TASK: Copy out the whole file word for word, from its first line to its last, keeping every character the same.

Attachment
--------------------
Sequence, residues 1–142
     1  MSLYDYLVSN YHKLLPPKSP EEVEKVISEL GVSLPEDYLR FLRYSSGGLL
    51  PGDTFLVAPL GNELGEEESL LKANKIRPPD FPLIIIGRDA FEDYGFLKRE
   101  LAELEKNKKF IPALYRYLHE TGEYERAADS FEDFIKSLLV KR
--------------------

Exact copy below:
Sequence, residues 1–142
     1  MSLYDYLVSN YHKLLPPKSP EEVEKVISEL GVSLPEDYLR FLRYSSGGLL
    51  PGDTFLVAPL GNELGEEESL LKANKIRPPD FPLIIIGRDA FEDYGFLKRE
   101  LAELEKNKKF IPALYRYLHE TGEYERAADS FEDFIKSLLV KR